The “nearly 100% survival” statistic is flawed and “generates false hope about the benefit of mammography screening,” Woloshin and Schwartz wrote. The first problem they point to is lead-time bias in survival outcomes. Aggressive screening finds cancers earlier than they otherwise would have been detected, which leads to higher survival at 5 years compared with no screening even though patients may not actually live any longer than patients whose cancer was identified at a later stage. Overdiagnosis — detection of non-invasive or slow-growing cancers that would never actually cause symptoms or death — also plays into it. The more patients who are overdiagnosed with cancers that don’t need to be treated, the higher the survival rate will be.
Dr. Attai told me that in her opinion, “it is never appropriate to include cases of ductal carcinoma in situ (DCIS) when discussing breast cancer mortality, and thus I find this [nearly 100% survival] statement very misleading. The breast cancer specific and overall survival rates for DCIS approach 100%, often regardless of treatment (or lack of treatment). When physicians discuss ‘early stage’ breast cancer, we are generally referring to Stage I and II invasive disease. Survival rates for these early stage invasive breast cancers vary depending on stage as well as tumor biology. As we learn more about tumor subtypes and tumor biology, it is becoming clear that stage at diagnosis is only one factor impacting breast cancer survival rates, and in some cases, it may not be the most important factor.”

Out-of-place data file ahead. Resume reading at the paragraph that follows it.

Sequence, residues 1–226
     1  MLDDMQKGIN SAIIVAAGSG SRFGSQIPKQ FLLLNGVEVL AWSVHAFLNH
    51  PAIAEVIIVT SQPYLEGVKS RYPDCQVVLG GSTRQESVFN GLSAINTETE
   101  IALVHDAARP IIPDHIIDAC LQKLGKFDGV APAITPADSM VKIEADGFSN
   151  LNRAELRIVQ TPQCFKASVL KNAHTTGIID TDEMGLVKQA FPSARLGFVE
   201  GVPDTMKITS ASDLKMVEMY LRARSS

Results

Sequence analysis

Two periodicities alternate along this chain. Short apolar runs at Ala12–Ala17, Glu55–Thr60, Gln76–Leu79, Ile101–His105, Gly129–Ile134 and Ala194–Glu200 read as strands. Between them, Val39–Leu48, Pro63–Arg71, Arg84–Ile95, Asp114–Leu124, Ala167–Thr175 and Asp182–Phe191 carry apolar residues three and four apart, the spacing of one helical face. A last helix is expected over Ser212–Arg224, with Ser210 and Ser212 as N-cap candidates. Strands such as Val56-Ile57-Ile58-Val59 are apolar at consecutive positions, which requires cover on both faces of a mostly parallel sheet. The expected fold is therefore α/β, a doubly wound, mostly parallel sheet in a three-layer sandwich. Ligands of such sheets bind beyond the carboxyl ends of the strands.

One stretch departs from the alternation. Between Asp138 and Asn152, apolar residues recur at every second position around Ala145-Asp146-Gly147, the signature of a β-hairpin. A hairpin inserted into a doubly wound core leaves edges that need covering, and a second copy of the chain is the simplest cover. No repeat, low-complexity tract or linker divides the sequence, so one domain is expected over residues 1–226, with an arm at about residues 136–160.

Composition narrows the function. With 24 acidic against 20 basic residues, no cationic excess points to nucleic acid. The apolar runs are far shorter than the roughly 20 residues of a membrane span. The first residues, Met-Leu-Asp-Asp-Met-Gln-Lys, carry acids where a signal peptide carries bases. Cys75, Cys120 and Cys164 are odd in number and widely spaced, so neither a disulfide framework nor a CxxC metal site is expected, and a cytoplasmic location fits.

Spare us the encore
This isn’t the first time that Crow has been called out for giving simplistic advice to women about breast cancer screening. In a 2014 AARP profile where she called her cancer diagnosis “a gift,” she also gave a blanket recommendation for regular mammograms that some breast cancer patient advocates found wanting.
In the new Hologic campaign she calls for all women to get regular mammograms at age 40 — a statement that conflicts with evidence-based screening guidelines from the US Preventive Services Task Force and American Cancer Society (ACS). These organizations recommend, respectively, that screening be done regularly starting at age 50 or 45, and that women at average risk be encouraged to have “a discussion of screening around the age of 40 years” that includes “information about risk factors, risk reduction, and the benefits, limitations, and harms associated with mammography screening” (ACS recommendation).
Women might reasonably choose to start mammograms at age 40 and some organizations endorse that starting point. But no matter the recommendation, any discussion of mammography should be more nuanced than the “get screened” message that Crow is putting out there. And it can’t be ignored that this simplistic message happens to dovetail nicely with the interests of the company she’s being paid to promote.
Crow is a prolific endorser of products ranging from hair coloring to the Wall Street Journal. But breast cancer screening isn’t something anyone should be hawking with simple slogans and trumped up statistics.
As advocate Suzanne Hicks told me, “Just as not all women are successful entertainers, not all cancers are equally risky. Risk factors…..gender, age, race, etc……should be the focus of the doctor/patient partnership, not a technology promotion campaign.”